I think that it's easier to write in the spirit of the four points above if you start with the specifics rather than with the philosophical. Write about your teaching, and nudge the "philosophy" out of that writing.

Starting with the specifics also helps in a more practical way: if you're writing for an evaluative situation (reappointment, jobsearch), writing from the specifics of your experience will help you distinguish your perspectives from those of all the other teachers out there.

Many of us these days believe in teaching in a "student- or learning-centered classroom"; however, each of us may mean something slightly different by that phrase, and the differences are crucial both to our own "write-to-learn" reflections and to standing out from the crowd in a competitive situation.

The steps I articulate below are adapted from workshops I have facilitated for new and continuing faculty members.

If you're reading this because you actually need/want to (re)write a "teaching philosophy statement," and you have 15-20 minutes to spare, why not just do the first step or two NOW, rather than only reading about them?

No, really, I'm serious. I think you may not benefit as much from reading over the rest of this page as from getting out a pen or keyboard and doing the steps in the order given. Indeed, it can be much easier to get at the heart of the work in the early steps when you're not yet thinking ahead to the final steps. Also, the best way to find out whether these approaches will work for you is to try them out.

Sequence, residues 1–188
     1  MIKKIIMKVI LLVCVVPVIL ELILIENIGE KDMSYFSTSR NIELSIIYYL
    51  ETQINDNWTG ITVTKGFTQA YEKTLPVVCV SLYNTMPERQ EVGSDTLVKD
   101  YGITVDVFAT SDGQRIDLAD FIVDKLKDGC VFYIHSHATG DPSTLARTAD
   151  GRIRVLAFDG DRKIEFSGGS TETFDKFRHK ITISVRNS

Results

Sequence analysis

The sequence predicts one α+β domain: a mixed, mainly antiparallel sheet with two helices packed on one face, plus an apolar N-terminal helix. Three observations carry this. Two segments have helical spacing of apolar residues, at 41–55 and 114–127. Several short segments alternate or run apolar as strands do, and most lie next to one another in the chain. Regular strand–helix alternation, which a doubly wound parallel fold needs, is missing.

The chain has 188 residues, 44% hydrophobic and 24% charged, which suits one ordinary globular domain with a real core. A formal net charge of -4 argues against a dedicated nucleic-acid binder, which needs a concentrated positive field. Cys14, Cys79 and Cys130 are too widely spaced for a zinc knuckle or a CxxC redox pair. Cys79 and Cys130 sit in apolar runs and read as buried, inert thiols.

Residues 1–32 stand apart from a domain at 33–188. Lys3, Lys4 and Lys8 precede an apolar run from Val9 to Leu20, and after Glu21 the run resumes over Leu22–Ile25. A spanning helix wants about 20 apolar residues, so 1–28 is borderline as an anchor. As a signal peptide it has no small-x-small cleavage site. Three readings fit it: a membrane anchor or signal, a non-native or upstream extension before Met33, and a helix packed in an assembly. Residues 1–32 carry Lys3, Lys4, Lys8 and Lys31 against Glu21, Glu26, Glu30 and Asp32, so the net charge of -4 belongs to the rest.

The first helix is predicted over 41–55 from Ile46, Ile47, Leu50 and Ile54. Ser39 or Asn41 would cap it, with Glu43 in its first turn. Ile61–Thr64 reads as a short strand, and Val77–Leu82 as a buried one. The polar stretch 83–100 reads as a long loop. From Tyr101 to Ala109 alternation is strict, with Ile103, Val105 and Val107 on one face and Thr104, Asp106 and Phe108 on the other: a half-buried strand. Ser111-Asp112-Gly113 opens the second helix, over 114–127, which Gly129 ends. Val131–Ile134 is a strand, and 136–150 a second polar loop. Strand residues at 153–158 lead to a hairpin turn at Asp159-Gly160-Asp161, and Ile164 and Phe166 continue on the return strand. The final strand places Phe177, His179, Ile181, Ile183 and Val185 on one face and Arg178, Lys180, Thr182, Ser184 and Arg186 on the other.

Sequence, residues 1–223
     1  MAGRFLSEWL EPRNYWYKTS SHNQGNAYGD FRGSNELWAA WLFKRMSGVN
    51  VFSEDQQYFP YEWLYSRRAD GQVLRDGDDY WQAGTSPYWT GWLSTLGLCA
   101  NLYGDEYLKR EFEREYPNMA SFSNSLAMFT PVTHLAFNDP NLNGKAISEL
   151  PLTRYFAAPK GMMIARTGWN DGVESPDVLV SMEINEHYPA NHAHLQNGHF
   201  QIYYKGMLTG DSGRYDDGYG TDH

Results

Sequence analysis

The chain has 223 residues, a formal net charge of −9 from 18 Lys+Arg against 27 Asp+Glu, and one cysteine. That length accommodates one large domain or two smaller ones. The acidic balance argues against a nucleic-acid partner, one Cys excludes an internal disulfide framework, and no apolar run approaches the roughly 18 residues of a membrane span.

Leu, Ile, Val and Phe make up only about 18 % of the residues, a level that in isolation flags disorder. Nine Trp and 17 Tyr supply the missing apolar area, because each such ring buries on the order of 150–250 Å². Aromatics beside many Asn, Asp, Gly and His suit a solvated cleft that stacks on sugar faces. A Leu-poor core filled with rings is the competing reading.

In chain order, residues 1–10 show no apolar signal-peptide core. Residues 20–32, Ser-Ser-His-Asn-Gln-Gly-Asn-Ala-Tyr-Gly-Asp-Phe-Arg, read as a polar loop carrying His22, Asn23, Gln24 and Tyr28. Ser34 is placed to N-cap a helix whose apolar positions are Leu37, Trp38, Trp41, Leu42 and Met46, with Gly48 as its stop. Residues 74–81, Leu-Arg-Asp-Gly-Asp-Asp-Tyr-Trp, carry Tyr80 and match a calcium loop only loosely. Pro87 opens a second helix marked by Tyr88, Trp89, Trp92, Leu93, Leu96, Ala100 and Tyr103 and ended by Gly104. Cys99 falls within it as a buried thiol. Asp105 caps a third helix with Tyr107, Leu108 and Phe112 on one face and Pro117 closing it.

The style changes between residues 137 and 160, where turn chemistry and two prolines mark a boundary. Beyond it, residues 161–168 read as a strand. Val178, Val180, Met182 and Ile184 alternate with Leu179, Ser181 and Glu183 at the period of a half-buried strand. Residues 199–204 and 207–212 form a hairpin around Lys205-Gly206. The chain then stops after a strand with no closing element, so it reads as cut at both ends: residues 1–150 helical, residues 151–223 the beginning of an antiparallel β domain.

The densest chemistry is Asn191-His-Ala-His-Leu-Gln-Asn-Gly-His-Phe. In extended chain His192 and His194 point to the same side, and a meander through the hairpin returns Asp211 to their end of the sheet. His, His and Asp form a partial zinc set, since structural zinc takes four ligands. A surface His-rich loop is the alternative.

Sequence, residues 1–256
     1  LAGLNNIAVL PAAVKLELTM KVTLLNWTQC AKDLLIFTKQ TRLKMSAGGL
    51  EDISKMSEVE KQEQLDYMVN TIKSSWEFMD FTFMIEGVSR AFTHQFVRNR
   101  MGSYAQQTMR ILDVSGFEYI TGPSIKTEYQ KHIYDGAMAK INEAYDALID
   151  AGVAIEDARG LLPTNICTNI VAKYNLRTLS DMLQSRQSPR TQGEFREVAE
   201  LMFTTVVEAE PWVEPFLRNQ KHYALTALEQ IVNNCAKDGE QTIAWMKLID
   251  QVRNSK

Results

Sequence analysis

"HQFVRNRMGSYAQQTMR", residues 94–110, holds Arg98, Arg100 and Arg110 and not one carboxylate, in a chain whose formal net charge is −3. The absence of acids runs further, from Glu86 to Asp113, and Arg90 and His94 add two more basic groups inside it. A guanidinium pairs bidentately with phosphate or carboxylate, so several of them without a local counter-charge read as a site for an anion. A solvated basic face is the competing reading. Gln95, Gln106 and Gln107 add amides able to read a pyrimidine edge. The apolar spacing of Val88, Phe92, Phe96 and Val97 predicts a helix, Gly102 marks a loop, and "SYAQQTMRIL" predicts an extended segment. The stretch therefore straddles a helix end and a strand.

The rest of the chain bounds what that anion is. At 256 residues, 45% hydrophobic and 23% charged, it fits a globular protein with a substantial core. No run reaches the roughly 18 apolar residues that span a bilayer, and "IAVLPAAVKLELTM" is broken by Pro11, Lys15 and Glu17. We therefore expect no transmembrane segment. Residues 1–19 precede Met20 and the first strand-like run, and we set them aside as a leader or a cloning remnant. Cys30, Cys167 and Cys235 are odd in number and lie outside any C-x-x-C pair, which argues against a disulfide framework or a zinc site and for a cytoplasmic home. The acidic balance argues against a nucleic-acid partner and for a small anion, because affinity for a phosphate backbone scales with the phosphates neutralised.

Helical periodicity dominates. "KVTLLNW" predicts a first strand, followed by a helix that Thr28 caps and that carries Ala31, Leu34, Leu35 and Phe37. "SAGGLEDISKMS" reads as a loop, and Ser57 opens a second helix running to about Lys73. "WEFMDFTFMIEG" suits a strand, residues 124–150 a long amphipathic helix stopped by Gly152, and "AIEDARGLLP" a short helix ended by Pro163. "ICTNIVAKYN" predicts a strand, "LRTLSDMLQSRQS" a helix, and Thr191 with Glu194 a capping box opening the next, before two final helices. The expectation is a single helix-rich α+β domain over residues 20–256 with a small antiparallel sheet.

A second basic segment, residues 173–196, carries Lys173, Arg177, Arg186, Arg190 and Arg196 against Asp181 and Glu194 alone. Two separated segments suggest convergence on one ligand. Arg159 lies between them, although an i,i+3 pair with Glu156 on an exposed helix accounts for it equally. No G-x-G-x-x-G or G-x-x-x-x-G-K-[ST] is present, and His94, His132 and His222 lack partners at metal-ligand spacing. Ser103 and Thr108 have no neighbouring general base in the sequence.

Are you ready? Or would you rather bookmark this page and come back to it? I promise, it'll still be here later when you want to productively procrastinate some other task that lies ahead of you.

Step One: Narrate experience

Choose one or two of the following prompts, and write for 10-15 minutes on each one. Take time to go into rich detail narrating/describing the event(s) or experience(s). Don't judge or theorize yet; just write what happened. Treat this as a freewriting exercise to be done quickly, without editing or censoring, without worrying whether you get off topic.

  • Describe ten minutes recently when you really felt like a successful teacher: students were learning or engaging as you wanted them to
    (You can also write on the reverse of this, but try not to get pulled into self-doubt or frustration, which are counterproductive to this exercise)

  • Describe ten minutes recently when you strongly felt as though you were in the presence of another successful teacher